“Why are you so happy after an Econ class?”
“Why shouldn’t I be?”
You conclude that Paul must be an alien. But he looks extra jittery and jumpy.
“Am I missing something?” At this point, you are walking leisurely along the campus pathways.
He stops and swivels to look at you. You can never get enough of the magic within his brown-eyed gaze.
“Today marks two years since we met. Back in high school. Two naive teenagers just wanting to have fun,” he says. He wraps your hands tightly into his. “You forgot right?”
A tight know forms in your throat. Ever since he saved you from a mass kidnapper/social extremist who finds pleasure in capturing girls, you feel like you owe him a part of your soul.
But this is too much, too far. The memories of your past with him come rushing through your head. The way you liked him, the way he spoiled you and made you his “queen”, the way sleepovers turned to spending nights over at his place, the denial, the accusations, the constant fights, the rumors…
It overwhelms you. And now you finally wonder why everyone talks lightly on trust issues on social media as if it is a game. It is not a game. It is painful.
You loosen your hands and sigh, stepping back from Paul.
“Is everything okay, K?”
“No. Everything is not okay, Paul.”
Open up. Tell him that you may never forgive him. Tell him that he has taught you whom to trust and whom to discard. Tell him he doesn’t deserve you or anyone.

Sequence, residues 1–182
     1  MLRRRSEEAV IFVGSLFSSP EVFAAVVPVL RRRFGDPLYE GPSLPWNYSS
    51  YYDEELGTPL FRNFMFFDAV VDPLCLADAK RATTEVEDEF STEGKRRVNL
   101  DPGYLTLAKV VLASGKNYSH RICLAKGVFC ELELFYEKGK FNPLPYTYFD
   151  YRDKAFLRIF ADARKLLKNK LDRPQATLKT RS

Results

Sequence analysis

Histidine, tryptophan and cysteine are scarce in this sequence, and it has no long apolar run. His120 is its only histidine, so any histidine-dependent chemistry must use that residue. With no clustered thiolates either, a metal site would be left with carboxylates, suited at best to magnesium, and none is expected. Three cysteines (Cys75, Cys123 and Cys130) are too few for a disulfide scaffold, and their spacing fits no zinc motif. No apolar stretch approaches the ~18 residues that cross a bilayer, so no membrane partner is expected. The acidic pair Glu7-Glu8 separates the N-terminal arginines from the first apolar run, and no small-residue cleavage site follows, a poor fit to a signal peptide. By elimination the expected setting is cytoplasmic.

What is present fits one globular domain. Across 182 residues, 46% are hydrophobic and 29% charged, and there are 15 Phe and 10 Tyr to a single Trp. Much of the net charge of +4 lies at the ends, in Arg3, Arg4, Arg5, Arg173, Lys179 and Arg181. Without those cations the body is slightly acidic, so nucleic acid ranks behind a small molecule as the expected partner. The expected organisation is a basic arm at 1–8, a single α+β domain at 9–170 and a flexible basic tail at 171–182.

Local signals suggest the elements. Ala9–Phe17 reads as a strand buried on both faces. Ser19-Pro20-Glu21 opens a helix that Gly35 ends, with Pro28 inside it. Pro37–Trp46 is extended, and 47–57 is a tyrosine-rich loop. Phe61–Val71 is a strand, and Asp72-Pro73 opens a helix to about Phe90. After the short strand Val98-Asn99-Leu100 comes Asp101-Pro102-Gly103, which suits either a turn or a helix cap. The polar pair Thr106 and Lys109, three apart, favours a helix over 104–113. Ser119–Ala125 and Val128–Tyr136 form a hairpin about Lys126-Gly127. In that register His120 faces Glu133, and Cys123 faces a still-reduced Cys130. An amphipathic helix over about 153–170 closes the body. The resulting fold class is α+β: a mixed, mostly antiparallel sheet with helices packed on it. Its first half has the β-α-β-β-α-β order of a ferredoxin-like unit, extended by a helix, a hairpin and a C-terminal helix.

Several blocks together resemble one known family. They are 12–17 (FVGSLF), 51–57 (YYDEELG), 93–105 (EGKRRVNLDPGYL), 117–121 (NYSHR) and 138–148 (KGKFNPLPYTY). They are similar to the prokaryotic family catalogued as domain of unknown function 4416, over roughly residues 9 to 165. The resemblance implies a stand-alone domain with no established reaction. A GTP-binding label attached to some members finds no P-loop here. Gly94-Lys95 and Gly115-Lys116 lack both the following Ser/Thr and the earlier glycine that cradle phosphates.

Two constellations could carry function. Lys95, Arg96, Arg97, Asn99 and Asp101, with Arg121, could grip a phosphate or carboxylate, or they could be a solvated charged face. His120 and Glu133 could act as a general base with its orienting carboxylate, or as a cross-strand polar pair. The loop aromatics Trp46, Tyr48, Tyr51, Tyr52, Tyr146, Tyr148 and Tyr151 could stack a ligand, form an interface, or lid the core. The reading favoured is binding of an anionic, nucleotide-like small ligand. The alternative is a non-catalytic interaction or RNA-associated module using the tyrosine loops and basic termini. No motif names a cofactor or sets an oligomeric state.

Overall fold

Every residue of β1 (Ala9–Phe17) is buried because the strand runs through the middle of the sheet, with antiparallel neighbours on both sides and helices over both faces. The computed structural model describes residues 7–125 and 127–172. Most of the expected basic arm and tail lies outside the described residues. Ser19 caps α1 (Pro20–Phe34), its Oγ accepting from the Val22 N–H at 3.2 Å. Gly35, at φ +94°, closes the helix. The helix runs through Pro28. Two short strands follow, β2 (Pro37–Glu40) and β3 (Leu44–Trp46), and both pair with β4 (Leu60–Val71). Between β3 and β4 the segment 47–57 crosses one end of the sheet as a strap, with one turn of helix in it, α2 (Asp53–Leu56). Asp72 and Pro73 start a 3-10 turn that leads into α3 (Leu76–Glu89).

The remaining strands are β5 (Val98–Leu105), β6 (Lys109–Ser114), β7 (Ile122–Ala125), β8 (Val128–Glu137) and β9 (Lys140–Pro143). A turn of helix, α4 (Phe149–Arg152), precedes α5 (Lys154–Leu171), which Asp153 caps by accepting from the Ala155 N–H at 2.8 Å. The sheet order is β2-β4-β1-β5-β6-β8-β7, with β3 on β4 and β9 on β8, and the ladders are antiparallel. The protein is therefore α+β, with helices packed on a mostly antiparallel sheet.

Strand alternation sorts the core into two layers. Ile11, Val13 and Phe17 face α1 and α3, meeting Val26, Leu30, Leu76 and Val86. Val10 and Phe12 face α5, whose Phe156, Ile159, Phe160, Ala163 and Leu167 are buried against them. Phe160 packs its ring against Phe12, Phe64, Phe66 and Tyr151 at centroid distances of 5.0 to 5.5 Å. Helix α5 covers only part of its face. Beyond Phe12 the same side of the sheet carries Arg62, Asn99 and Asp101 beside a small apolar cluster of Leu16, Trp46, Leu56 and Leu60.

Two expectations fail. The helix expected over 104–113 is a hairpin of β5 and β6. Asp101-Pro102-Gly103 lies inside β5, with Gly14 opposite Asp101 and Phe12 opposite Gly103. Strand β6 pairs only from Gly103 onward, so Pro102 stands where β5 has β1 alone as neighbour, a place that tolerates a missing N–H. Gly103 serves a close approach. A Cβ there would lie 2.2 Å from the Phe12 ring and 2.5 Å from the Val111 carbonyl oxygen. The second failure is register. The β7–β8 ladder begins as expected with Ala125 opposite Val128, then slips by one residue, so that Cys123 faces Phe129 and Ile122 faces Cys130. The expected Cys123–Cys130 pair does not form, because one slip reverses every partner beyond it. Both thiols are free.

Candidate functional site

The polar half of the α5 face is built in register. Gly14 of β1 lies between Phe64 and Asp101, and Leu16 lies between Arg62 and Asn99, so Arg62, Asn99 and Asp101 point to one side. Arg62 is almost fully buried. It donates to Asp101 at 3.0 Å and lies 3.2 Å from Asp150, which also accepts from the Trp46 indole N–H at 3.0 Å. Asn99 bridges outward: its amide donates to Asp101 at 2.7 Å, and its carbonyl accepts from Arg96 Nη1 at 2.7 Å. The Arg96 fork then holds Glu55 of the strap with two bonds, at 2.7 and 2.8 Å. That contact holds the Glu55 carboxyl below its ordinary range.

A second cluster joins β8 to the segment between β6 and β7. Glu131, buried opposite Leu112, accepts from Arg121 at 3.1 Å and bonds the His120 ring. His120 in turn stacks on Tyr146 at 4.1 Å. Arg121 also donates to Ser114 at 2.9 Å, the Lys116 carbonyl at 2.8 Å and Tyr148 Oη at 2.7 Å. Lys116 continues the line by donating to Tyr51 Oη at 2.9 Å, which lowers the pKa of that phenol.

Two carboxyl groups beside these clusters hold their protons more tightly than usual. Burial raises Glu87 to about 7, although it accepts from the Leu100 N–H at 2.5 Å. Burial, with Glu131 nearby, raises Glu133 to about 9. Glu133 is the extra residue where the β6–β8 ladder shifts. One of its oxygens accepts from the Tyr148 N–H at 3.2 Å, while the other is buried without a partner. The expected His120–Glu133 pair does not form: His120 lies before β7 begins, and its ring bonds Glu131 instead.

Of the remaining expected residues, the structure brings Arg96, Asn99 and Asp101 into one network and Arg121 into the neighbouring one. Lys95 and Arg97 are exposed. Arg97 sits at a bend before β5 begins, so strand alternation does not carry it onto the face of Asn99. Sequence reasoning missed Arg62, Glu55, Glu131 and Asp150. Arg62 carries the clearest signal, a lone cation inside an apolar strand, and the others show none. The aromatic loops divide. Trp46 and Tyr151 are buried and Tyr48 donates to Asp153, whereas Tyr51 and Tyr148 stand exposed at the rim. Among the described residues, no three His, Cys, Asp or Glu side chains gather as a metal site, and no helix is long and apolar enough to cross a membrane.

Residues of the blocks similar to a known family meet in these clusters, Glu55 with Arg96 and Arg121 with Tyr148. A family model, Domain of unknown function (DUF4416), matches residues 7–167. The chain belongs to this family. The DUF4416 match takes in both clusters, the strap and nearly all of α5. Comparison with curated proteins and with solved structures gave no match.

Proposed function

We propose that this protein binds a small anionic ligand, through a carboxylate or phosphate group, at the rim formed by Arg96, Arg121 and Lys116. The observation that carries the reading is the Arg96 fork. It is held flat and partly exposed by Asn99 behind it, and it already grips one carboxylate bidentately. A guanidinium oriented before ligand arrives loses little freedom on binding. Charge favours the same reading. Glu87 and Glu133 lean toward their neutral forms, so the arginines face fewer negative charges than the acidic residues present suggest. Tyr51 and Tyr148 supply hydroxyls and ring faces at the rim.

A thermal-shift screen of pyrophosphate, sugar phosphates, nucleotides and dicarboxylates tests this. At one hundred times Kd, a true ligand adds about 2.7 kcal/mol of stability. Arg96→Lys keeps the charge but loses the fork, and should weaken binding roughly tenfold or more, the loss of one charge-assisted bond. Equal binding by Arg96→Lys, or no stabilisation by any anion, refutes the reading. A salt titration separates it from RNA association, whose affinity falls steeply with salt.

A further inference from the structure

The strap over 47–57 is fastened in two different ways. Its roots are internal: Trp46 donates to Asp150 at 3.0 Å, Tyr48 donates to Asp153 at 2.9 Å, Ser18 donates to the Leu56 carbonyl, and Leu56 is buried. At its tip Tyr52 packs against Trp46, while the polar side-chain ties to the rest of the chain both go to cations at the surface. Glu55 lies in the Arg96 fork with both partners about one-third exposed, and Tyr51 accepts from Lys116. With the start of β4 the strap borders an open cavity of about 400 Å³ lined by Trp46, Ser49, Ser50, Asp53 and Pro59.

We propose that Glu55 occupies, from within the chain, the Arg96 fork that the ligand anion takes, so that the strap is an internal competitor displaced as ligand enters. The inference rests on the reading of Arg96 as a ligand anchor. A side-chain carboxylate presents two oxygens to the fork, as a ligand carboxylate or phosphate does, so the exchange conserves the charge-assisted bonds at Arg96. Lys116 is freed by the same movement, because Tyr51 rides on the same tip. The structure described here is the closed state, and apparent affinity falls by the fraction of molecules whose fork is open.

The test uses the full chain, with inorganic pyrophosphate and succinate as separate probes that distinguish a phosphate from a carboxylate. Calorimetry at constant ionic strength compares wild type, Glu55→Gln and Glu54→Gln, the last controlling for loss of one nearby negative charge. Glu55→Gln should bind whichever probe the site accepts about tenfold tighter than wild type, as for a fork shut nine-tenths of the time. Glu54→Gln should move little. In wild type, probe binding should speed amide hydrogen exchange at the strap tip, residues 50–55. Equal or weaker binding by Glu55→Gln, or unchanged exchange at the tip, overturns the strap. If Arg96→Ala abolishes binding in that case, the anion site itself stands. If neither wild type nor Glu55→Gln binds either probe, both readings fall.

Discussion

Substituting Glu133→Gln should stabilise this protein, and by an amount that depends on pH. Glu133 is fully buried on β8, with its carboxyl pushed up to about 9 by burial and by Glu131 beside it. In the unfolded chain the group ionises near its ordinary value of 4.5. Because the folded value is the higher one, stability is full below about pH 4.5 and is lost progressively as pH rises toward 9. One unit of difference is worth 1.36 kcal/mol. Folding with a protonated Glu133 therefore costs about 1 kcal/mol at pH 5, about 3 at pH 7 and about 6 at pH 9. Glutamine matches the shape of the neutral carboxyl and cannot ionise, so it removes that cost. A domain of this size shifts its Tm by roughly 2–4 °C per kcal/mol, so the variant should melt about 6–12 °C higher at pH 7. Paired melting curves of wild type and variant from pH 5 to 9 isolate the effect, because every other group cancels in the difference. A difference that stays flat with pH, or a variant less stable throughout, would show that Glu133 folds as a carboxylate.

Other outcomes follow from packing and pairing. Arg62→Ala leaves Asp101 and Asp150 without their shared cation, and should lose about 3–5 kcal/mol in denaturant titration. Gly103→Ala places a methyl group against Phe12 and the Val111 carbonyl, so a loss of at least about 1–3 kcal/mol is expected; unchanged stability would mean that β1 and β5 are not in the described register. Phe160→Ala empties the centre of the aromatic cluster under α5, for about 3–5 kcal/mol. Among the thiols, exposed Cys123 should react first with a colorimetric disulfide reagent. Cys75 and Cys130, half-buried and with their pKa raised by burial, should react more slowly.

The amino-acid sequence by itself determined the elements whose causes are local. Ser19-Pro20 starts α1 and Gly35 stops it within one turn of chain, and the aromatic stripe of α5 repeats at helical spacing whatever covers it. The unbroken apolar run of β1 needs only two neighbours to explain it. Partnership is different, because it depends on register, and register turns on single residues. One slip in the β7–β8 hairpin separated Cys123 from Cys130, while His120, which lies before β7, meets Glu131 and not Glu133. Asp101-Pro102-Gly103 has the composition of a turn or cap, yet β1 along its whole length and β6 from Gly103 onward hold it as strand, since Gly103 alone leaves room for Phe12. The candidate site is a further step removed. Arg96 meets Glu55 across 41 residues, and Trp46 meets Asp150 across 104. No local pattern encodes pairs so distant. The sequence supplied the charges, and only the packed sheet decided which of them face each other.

You want to open your mouth and spew out all the bottled up rage that has been accumulating three years on.
Then you sigh again and begin walking away from Paul. In the hot Thursday afternoon, at the Econ class hallway, you decide you will have to learn and forge a way for yourself.
That night you feel engulfed in emotions. The friendship you desperately wanted to break up finally works. But you still feel like garbage. Why aren’t you happy?
Maybe it’s the fact that you and Chrissy no longer talk. And her bed bunk now belongs to a sweet autistic girl called Jenna.
Together with Izzy and Ma, the four of you are capable of talking matters boys, makeup, photo shoots, latest events and lousy lecturers for nights on end.
Today isn’t that day though. They urge you to talk but you keep mute and bury yourself in bed. You wait until they start snoring before you sit up in bed and take a long deep breath.
Your phone vibrates.
You have attached a feeling of bad luck whenever your phone rings at night. It almost makes you chuck the phone out of the window. But you have Facebook notifications and Whatsapp groups to mill around in.
Then you turn over the phone and see the caller -ID. It’s your mother.
You quickly pick up while muttering a short prayer to God.
“Hi, Koki. How is everything?” Your mother sounds characteristically jovial. At ten p.m. She rarely calls past seven.
You lie to her that you are okay and that studies are fine.
“Well, I have someone I’d like for you to speak with.”
You hear her whisper to someone to pick the phone. Your father’s voice clears up.
“Koki. I’ve missed you.”
No! Not your father!
You jab the Cancel Call button and stuff the phone under your pillow. You’ve learned. You’ve grown. There is no need to go back.
Hi there, reader. I am so glad that you’ve followed through with the College Hijinks blog series, a first for me, and reached the final post. It was really amazing for me to do this sort of first narration fictional shots and I am thankful for the feedback which has been positive.
Help me decide whether I should do more of this in the comments below! Cheers!